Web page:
The Myanmar government and military called for participation of ethnic minority armed groups to attend a new round of peace talks in the capital, NayPyiTaw, this month. The peace talks are aimed at resolving the prolonged conflicts between various ethnic minority armed groups and the government. 17 out of 41 ethnic armed groups attended the peace talks alongside the government, military, and UN Secretary-General Ban Ki-moon.
Myanmar has been suffering from the ethnic conflict since its independence in 1948. The ethnic separation during the colonial era, the control of natural resources and drug trades by the ethnic minority armed groups, and the deep distrust between different parties are the major factors that contributed to and sustained Myanmar’s prolonged ethnic conflict.
During the British colonial era, all of Myanmar’s ethnicities were ruled under two different administrative systems. The majority, Burmans, mainly inhabited the central area of the country under the administrative system called the ‘Ministerial Burma’ or ‘Burma Proper.’ The ethnic minorities were sent to the broader area, under the administrative system called the ‘Frontier Areas.’ The separation of ethnicities had boosted different ethnicities’ self-determination. At the dawn of Myanmar’s independence, several ethnic groups believed that the British would support their self-determination. In light of the quick withdrawal of the British, the ethnic minorities had to arm themselves to fight for their rights.
The natural environment in the broader area gives the ethnic minority armed groups a natural condition to start and sustain their insurgency-styled fighting against the military. The broader area is largely forests or mountains. It is hard for a conventional military to win decisive wars against insurgency groups in a complex landscape. Moreover, the trade of natural resources in the broader area also provides ethnic minority armed groups with an economic means to sustain their ongoing struggles against the military.
Throughout more than six decades’ of conflicts, various human rights violations were conducted by both the military and the armed groups. The human rights violations created deep distrusts between the armed groups and the government. As the conflict continues, it is anticipated that the distrust will be deepened. In light of the complexity of Myanmar’s ethnic conflict, whether the peace talks could effectively resolve the ethnic conflict is questionable.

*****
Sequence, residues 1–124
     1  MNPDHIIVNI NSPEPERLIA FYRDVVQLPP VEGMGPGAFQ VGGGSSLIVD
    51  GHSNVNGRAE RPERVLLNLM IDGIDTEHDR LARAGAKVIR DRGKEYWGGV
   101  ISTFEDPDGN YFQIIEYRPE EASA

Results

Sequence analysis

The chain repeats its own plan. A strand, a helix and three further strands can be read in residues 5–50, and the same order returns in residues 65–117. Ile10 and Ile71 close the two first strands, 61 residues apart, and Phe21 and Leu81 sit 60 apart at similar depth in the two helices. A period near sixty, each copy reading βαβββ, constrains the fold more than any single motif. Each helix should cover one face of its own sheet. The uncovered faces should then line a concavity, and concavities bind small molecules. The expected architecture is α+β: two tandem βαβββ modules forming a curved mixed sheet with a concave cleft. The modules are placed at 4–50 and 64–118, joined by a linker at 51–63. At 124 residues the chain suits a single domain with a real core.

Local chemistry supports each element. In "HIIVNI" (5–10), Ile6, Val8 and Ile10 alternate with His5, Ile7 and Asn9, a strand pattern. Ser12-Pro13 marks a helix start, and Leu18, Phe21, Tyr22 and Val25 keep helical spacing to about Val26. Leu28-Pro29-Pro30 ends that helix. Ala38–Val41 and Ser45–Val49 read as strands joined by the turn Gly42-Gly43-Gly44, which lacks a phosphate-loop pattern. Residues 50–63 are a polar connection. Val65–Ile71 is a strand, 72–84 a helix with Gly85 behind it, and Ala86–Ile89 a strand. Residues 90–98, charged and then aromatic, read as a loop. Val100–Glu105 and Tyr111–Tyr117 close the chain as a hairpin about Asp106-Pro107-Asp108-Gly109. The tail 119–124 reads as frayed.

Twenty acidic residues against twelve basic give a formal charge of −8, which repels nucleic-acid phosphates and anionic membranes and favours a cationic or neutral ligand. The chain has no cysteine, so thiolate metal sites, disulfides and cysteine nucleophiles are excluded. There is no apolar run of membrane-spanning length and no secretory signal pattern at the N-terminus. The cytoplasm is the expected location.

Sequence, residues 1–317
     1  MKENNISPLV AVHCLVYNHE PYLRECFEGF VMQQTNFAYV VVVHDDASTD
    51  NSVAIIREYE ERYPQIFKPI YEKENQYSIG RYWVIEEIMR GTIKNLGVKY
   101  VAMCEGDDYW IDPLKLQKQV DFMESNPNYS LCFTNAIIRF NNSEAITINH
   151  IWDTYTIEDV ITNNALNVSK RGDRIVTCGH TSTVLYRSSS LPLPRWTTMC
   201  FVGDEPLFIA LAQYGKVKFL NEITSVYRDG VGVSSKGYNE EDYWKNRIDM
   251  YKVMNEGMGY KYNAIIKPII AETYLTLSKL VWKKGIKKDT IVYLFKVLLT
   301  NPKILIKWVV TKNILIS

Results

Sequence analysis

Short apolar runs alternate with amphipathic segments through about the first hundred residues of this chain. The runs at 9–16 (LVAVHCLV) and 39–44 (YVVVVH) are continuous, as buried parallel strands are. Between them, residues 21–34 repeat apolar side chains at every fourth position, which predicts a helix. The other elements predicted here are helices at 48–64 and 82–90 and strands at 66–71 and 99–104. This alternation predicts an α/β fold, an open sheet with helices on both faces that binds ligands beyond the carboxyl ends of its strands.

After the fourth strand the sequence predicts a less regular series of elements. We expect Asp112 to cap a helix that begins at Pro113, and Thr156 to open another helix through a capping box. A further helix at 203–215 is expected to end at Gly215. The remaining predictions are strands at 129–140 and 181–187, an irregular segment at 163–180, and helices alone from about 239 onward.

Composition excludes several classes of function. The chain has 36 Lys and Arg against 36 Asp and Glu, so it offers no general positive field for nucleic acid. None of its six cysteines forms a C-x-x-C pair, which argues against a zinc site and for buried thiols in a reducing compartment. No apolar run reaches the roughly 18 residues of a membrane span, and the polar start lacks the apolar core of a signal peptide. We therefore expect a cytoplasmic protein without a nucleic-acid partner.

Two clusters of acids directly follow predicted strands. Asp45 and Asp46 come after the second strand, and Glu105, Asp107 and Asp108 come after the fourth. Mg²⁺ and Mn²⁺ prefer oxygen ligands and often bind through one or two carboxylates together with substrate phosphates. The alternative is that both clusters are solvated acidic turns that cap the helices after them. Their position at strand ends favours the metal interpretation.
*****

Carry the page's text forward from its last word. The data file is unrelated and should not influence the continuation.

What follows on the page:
The first obstacle is the military. Although the military attended the peace talks and expressed their willingness to de-escalate Myanmar’s ethnic tensions, it is arguably in the military’s interests to keep the conflict ongoing. As reported by the Institute of Peace and Conflict Studies, the military has never put enough efforts into fighting with the minority armed groups. Interestingly, the timing of the military operation has a clear linkage with the general election. For example, during the 2015 election campaign, the military launched a large-scale military attack against the Shan State Army-North. Through their military operations, the military keeps it at the frontline of Myanmar’s politics and society. The military would also have a legitimate reason to extract national resources to sustain its organization as the conflict continues. Indeed, Myanmar’s constitution granted 25% of the seats for the military in the National Legislature. This 25% of the seats gives the military a constitutional veto. The military can veto any civilian government’s proposals if it is not in the military’s interests. The military is certainly the biggest obstacle to Myanmar’s conflict resolution.
The exclusiveness of the peace talks is another obstacle to the conflict resolution. As indicated, only 17 out of 41 ethnic armed groups attended the peace talks. Whether the agreement can successfully represent all 41 groups interests is questionable. If all the group’s interests cannot be represented in the peace talks, it will be impossible for the government to de-escalate the ethnic tensions successfully. Moreover, tens of thousands of Rohingya people are living in temporary camps and their issues have not been addressed.
Lastly, the government could not offer ethnic minorities a bigger stake. Although Myanmar’s GDP is growing at approximately 7% annually, the military controlled economic sectors are still the biggest beneficiaries of the economic growth. In other words, the civilian government could not offer ethnic minorities enough economic favours. On the other hand, the ethnic minorities also control economic sectors. This is precisely why the United Wa State Army (UWSA) exited the peace talks. The UWSA controls the illegal drug trade. Joining the central union is certainly not beneficial for the UWSA, and this is the same for other groups because they will need to sacrifice more.
In light of the complexity of Myanmar’s ethnic issue, whether the peace talks were a solid development towards conflict resolution remains to be seen. To successfully address the prolonged ethnic conflict, Myanmar’s civilian government should have enough leverage over the military. The longer the military controls the absolute power, the less likely for Myanmar to de-escalate ethnic tensions. Moreover, the majority of Burmans should also change their negative perceptions toward ethnic minorities, namely the Rohingya, to make the peace process possible and smooth.
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